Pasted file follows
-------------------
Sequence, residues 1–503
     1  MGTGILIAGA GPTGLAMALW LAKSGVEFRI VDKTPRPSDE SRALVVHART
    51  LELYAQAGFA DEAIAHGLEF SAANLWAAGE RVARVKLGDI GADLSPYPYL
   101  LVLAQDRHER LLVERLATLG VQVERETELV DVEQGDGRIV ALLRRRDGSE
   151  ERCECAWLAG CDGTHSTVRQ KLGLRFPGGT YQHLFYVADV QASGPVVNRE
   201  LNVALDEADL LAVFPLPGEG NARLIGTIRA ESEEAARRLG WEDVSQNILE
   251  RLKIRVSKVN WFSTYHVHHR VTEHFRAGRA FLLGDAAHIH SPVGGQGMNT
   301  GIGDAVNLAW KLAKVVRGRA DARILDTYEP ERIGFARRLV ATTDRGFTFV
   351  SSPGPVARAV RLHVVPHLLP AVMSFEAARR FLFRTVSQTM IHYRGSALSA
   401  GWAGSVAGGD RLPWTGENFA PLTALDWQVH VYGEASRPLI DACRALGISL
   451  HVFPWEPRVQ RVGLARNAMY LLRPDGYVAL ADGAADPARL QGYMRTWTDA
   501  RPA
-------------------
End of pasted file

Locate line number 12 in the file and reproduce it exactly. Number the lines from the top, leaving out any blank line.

   501  RPA